When will adding yet another layer onto the layer upon layer upon layer of existing land use bylaws and regulations be enough for you?

I would love to see all of the people who agree with you covenant and then donate their property to the Islands Trust. That way you can all set yourselves free from the guilt you must be feeling in the participation of (a) the perceived destruction of the environment and (b) the free market economy.

Make sure that covenant includes a clause that any manmade structure on the property cannot be repaired, rebuilt or replaced. That way, over time, your property will revert back to nature, as you apparently wish it so.

The shining example of selflessness you will set should act as a beacon in the wilderness to those who are like minded, lighting the way to a new Salt Spring, one where only those you see as selfish property owners actually live here.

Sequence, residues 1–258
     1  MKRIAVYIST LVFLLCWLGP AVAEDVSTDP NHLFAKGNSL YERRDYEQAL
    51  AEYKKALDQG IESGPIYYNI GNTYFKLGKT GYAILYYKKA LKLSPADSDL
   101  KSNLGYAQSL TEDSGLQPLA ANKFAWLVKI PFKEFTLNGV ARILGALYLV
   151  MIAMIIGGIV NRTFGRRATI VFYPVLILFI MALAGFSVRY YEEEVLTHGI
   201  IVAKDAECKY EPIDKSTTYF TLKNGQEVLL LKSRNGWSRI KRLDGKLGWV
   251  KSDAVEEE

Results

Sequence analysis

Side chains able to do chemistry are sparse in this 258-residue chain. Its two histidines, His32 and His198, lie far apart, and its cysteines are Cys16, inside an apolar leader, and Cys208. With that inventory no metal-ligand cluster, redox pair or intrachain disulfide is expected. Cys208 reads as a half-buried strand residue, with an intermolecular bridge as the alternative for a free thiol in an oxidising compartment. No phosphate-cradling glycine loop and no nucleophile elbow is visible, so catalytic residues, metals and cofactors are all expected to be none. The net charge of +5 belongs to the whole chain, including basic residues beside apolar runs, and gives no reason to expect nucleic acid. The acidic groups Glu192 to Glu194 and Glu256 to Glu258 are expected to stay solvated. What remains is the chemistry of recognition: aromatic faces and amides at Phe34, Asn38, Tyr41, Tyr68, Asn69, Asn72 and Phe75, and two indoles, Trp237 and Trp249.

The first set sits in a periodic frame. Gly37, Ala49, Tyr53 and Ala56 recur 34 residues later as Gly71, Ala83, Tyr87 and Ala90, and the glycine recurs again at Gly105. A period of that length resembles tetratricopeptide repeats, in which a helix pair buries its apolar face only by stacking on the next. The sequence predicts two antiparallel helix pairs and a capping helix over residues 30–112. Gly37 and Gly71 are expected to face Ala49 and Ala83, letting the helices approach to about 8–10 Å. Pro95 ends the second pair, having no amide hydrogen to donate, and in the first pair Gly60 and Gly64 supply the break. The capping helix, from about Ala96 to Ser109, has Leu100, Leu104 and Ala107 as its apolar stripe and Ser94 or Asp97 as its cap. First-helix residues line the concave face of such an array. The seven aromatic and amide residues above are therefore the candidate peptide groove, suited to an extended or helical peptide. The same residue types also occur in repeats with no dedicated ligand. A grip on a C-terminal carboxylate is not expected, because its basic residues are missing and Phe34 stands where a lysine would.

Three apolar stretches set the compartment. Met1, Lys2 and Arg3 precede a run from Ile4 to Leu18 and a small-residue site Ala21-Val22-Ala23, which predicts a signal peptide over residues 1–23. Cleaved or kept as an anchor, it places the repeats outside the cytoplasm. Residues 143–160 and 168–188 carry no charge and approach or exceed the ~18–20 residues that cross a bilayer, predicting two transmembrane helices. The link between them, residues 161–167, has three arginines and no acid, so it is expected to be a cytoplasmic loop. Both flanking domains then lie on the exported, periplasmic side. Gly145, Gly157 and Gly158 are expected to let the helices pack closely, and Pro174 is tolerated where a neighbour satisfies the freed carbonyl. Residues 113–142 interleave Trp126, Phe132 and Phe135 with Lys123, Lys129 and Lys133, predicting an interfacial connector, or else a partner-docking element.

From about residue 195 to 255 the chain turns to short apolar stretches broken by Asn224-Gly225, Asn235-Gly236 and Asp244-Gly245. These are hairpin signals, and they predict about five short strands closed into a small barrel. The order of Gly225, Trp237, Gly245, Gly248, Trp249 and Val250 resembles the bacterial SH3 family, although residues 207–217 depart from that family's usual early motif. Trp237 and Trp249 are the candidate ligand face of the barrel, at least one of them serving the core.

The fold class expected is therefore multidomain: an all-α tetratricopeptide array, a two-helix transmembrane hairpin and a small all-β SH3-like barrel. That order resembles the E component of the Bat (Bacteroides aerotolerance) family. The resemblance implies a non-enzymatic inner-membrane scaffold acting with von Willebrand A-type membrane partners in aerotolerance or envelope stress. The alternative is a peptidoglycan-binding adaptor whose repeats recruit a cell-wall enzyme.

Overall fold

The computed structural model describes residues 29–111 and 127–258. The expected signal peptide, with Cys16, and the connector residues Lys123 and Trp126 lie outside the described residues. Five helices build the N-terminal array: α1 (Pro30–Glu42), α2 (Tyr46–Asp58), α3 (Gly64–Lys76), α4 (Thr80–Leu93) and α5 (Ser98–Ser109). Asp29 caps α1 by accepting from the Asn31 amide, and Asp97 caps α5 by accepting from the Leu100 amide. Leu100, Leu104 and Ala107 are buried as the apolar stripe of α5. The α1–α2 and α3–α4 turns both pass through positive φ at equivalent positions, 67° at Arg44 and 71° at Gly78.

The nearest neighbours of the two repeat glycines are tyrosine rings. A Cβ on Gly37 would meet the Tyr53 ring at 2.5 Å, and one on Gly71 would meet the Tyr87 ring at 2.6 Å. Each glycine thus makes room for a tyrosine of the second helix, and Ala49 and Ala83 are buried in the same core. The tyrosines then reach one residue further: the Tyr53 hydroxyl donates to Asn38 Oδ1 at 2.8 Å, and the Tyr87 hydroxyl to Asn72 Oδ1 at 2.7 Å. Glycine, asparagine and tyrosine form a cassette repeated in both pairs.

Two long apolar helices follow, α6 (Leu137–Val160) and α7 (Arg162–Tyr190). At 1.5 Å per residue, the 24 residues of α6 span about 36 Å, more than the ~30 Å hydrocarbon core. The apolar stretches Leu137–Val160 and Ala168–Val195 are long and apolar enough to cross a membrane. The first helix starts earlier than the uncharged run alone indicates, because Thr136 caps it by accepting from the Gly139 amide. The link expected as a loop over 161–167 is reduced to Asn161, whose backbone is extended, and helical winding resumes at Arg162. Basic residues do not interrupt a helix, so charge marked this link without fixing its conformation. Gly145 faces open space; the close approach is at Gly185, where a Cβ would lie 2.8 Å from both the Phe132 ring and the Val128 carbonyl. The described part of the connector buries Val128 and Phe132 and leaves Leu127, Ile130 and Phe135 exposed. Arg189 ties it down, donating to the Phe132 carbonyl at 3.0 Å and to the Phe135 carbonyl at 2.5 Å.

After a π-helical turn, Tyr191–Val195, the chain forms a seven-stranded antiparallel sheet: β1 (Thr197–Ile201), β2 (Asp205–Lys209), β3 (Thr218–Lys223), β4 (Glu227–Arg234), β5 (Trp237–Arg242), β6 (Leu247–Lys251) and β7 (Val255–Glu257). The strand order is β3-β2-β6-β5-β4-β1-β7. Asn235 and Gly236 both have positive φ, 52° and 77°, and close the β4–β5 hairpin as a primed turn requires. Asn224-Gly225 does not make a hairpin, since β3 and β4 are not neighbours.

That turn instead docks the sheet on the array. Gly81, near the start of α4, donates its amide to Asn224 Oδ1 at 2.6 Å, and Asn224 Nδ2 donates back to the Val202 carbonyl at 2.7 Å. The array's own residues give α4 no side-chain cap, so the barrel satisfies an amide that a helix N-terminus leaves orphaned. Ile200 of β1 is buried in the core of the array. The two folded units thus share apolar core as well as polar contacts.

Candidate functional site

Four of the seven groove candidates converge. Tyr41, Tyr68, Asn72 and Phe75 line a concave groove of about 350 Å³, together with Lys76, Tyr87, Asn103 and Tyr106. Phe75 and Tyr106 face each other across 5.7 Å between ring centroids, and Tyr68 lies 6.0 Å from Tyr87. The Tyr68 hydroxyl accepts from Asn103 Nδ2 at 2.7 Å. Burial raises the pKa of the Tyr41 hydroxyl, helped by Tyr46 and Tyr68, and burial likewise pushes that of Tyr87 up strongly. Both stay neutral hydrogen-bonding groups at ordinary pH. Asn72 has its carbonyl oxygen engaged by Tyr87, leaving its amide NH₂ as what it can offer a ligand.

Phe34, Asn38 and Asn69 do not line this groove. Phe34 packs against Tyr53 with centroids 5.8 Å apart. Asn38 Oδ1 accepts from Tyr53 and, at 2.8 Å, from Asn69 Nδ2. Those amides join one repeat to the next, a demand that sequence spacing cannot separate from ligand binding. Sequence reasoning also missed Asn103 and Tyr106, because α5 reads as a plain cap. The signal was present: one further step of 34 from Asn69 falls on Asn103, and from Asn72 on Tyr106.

By starting this kind of a movement you won’t have to deal with the rest of us, just your own fellow left-wing, anti-capitalist, extreme environmentalists. Surely there won’t be any further debate necessary. You must all be in agreement with restoring nature through self sacrifice. How much easier could it get?

I’ll even offer to write a model covenant for your group for free. Just send me the legal description of your properties. I’d love to help you fulfill your dreams.

Who knows, maybe the rest of us will catch on eventually. On the other hand maybe we will continue to be on the vigil against those who would suggest taking away our property rights on one hand, while comparing us to slave owners on the other.

You first. Set an example.